Can You Hear Me Now?
From conversations with loved ones to the soothing sounds of nature, we listen a lot in our everyday lives. And that means we miss a lot when we can’t hear. We talked with local experts about hearing loss, so you can catch everything (and everyone!) worth listening to.
audiologist vs. ENT
Both audiologists and ENT doctors deal with ears, so how do you know which you need to see?
Audiology: the branch of science and medicine concerned with the sense of hearing
Degree: Doctor of audiology (Au.D.); equivalent to a Ph.D.
What you see an audiologist for:
– Hearing loss related to the aging process or noise exposure
– Balance issues
– Tinnitus (ringing in the ears)
– Fitting and maintenance of hearing technology
Otorhinolaryngologist aka ENT
Otorhinolaryngology: The study of diseases of the ear, nose, and throat
Degree: Medical doctorate (M.D.)
What you see an ENT for:
– Ear infection
– Hearing loss
– Ear, face and neck pain
– Problems related to the nose and throat
The key difference between audiologists and ENTs is that an ENT deals with medical issues related to the ear and an audiologist works with the science of hearing. Michael Valente, Ph.D., Washington University director of adult audiology, says adults are referred to an audiologist for hearing loss primarily because of age, excessive exposure to noise, or damage caused by drugs that impact the inner ear. He says an audiologist can do a comprehensive audiometric evaluation to determine the cause of hearing loss and can recommend solutions. If hearing loss is related to a medical condition or may require surgery, it might be recommended that you consult an ENT.
Otoacoustic emissions: Probes are placed in the ear to determine if the normal echo reaction to sound is present. “It tells us that there is good sensory survival in the inner part of the ear,” says Kathy Holtman, Au.D., coordinator of the Martha E. Jones Pediatric Audiology Center at Central Institute for the Deaf. “But there are many reasons why it might not be present, so more testing is needed if the result is negative.”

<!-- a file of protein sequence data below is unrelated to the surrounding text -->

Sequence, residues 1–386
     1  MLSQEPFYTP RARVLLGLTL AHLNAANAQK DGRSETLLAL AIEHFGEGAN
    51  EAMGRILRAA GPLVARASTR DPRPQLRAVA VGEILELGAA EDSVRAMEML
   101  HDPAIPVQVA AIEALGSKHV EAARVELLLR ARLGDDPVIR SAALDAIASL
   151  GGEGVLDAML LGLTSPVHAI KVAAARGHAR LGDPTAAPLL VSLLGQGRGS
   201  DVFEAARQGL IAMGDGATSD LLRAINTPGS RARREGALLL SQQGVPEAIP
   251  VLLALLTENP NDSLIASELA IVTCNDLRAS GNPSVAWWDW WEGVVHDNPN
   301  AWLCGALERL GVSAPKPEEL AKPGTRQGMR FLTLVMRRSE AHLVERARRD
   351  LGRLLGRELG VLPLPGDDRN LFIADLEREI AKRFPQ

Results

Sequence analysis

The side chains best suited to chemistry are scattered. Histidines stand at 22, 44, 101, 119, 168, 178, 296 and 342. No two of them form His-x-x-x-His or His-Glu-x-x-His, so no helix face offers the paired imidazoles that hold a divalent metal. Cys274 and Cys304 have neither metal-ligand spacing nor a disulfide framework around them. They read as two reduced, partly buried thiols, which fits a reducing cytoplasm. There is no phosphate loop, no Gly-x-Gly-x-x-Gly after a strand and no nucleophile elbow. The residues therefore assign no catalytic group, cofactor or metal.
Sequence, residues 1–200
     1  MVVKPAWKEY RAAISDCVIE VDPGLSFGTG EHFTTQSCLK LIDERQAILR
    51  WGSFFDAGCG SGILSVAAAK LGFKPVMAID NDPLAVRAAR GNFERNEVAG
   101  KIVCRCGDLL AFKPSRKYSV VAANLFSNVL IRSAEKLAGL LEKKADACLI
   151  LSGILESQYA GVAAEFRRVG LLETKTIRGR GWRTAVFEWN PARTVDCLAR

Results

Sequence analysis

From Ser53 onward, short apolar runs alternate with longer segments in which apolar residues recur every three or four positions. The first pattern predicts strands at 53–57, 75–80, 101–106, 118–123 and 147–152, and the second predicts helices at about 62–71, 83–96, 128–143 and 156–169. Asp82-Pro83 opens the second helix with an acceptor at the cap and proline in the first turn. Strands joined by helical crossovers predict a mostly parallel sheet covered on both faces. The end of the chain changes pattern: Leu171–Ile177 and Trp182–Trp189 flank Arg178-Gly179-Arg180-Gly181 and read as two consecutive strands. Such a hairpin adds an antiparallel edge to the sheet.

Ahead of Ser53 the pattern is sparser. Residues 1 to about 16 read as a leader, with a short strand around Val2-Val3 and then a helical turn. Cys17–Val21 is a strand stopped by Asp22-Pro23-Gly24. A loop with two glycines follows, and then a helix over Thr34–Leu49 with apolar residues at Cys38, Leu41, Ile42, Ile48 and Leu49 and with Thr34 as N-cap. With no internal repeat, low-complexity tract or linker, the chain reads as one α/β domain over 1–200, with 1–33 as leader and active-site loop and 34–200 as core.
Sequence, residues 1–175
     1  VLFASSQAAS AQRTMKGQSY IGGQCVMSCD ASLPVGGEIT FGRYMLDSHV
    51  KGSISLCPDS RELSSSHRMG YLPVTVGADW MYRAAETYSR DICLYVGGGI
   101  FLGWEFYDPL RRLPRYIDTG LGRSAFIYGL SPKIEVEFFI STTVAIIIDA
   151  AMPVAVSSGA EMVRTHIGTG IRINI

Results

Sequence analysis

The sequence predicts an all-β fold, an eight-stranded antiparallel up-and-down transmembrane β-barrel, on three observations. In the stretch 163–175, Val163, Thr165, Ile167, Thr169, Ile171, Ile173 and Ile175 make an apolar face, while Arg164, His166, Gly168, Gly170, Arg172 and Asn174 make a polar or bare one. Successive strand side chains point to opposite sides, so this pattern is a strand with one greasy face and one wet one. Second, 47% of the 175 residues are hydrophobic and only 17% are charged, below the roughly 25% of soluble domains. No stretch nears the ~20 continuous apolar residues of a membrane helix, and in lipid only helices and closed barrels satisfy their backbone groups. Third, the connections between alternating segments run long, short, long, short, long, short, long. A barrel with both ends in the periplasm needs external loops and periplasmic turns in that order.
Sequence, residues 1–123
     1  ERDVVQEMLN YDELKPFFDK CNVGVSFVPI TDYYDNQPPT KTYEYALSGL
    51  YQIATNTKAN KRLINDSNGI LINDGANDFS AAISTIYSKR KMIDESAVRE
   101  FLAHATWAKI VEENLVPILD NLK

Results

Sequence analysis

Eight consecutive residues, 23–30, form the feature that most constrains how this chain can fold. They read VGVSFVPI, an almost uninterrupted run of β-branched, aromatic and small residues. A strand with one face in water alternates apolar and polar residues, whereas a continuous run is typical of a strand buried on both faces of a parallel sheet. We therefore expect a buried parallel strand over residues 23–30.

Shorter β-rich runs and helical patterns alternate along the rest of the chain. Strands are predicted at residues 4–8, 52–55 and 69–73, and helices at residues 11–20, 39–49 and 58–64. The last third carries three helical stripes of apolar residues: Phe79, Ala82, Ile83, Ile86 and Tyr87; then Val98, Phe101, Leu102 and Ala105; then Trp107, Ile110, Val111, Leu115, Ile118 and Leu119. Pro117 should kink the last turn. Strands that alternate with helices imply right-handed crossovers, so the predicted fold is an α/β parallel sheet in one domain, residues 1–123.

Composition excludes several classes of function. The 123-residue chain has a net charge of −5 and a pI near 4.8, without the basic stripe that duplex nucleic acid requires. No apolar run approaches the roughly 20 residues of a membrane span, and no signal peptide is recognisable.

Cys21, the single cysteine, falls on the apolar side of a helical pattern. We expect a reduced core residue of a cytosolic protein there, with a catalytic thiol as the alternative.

– Auditory brain stem response: In this test, electrodes measure how the baby’s brain responds to sound from headphones.
– Conventional audiometry (standard school screening): Children raise their hands or give verbal confirmation when they hear a sound.
– Behavioral observation audiometry: The child is observed for signals that a sound is heard.
– Visual reinforcement audiometry: The child turns toward a reinforcement object when a sound is heard.
– Conditioned play audiometry: The child waits to hear a sound based on the goals of a game, such as stacking blocks or Connect Four.
There are not regular professional hearing screenings for adults, according to Valente. Hearing is evaluated based on a doctor recommendation or a patient’s own concerns. Once you begin to see an audiologist, Valente says there is typically an annual evaluation to see if anything has changed.
signs of hearing loss
As we age, hearing loss will impact us all. Valente says most patients see an audiologist later in life, but the decline in function likely starts much earlier. “It’s a very long process,” he notes. “People notice increased difficulties in communication, but it may be several decades before they seek help.”